Jane Chen, 33, and Linus Liang, 31, are honored for their organization Embrace, which they co-founded in 2008. As part of a Stanford School of Design class titled "Entrepreneurial Design for Extreme Affordability," Chen and Liang were tasked with designing a low-cost infant incubator suitable for use in the developing world. Chen and Liang not only met the challenge for the class, but their infant warmer, which costs about one percent the cost of a traditional incubator and is designed specifically for the needs of resource constrained conditions, became the basis for Embrace. Embrace now distributes the infant warmer in India, China, Somalia, Zambia and Uganda, and has saved the lives of thousands of premature babies by safely regulating their body temperatures. Chen and Liang have combined their complementary skills — Chen with a background in business and nonprofit health care work and Liang with a background in computer science and technology startups — and have grown Embrace into a thriving organization dedicated to providing health care solutions to the world's most vulnerable populations (along with two other co-founders, Rahul Panicker and Nag Murty).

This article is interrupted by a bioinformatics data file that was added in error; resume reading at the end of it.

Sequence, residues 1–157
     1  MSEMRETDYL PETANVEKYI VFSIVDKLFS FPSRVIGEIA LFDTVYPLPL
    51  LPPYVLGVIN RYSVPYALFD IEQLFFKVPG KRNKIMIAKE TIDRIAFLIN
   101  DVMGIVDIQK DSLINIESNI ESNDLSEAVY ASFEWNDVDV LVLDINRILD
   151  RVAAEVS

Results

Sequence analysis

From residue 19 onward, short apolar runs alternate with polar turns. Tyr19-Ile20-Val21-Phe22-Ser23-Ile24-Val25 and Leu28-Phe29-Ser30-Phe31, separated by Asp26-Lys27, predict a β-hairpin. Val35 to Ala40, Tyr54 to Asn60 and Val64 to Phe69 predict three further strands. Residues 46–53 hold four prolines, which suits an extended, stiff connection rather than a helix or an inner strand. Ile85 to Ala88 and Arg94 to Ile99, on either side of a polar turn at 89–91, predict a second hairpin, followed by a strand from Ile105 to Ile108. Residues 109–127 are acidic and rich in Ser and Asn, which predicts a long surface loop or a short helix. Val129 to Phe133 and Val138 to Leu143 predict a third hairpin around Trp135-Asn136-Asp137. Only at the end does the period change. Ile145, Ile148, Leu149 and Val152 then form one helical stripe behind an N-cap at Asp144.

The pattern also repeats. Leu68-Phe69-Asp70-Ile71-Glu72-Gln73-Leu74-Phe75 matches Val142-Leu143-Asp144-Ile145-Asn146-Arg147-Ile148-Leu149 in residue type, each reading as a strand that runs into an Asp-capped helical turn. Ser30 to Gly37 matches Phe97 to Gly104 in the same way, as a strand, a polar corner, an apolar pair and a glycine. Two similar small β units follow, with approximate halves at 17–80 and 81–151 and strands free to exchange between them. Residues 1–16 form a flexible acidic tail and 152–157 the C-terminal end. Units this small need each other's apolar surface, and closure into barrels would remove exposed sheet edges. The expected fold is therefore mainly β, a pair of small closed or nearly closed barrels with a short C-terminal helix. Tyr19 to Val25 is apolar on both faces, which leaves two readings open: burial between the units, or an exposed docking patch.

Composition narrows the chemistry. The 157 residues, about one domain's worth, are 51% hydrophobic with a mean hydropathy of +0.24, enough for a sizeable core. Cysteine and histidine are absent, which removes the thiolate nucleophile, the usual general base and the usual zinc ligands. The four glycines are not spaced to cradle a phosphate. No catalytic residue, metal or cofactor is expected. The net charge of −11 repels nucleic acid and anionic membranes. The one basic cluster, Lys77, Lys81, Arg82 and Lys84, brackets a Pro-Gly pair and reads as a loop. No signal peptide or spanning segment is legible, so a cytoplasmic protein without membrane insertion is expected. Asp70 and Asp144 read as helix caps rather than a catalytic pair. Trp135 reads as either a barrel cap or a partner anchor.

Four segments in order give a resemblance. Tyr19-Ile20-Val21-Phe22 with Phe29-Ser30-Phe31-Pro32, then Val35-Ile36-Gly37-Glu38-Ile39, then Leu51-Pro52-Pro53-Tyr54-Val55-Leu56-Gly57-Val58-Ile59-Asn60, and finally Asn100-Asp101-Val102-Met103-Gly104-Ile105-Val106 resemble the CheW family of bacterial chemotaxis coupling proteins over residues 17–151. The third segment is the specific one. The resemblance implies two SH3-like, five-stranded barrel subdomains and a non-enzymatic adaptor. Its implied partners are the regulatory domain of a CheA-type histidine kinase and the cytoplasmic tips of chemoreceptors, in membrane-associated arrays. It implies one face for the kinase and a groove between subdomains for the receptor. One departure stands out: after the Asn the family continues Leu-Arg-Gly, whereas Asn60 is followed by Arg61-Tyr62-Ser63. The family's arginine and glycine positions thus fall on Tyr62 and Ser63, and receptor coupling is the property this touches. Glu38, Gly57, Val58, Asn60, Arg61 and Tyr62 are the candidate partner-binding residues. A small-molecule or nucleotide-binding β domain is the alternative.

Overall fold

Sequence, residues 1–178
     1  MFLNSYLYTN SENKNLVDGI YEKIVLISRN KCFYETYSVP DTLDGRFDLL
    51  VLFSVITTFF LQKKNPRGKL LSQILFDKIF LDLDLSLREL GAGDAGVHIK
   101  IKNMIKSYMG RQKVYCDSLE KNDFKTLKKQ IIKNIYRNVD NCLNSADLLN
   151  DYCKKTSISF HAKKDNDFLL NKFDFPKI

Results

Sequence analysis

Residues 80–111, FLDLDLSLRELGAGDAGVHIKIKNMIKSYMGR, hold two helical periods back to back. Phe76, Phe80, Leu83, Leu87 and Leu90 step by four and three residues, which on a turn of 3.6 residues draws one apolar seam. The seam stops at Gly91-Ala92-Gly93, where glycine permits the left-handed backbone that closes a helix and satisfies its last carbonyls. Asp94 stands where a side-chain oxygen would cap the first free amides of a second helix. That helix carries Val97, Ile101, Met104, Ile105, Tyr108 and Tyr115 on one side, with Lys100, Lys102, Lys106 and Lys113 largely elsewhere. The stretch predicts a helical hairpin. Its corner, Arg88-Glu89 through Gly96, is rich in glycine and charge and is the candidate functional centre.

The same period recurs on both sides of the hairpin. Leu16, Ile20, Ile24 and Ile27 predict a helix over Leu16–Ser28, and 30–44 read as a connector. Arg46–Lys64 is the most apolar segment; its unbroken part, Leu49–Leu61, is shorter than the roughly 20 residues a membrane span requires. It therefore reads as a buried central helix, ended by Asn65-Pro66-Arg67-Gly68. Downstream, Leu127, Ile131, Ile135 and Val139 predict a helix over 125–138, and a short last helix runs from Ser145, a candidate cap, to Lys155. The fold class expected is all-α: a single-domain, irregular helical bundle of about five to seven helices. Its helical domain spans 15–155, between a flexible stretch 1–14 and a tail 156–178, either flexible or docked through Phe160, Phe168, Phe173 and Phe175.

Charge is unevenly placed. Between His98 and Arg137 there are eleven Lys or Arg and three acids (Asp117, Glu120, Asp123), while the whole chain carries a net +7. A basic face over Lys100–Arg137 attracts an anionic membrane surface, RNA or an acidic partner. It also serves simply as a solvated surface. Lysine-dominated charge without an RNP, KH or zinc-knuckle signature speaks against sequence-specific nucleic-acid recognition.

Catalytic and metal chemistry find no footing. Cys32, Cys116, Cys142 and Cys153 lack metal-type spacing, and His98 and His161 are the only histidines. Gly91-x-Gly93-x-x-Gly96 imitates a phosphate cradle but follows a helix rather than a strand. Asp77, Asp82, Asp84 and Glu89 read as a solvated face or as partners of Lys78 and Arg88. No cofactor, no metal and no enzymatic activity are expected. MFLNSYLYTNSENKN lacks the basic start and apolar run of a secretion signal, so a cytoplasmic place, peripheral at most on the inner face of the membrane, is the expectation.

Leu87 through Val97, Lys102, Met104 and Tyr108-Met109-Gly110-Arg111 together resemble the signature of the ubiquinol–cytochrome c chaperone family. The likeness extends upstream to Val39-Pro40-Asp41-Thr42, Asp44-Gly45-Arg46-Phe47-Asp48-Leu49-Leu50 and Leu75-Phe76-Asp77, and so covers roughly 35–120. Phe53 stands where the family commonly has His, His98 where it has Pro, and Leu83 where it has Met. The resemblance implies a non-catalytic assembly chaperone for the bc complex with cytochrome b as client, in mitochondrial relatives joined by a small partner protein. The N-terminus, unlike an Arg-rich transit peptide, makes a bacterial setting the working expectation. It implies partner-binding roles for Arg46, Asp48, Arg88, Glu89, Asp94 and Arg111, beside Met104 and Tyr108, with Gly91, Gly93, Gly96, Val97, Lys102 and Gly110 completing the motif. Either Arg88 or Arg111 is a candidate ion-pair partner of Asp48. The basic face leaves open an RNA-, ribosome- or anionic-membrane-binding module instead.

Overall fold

Embrace is dedicated to developing health care products tailored for the needs of low-income communities across the world. In addition to distributing its infant warmer, Embrace is now working to create additional products that address the problems of infant mortality and maternal health. Embrace has set the goal of impacting the lives of 1 million babies in the next five years. Beyond its innovative products, Embrace has adopted an innovative hybrid organizational structure — by combining a for-profit organization, Embrace Innovations, with the nonprofit Embrace, the organization hopes to be able to ensure its own sustainability, so it can create a platform for creating social impact that goes beyond a single product. Today, Embrace is also partnering with other health care providers in order to expand its impact.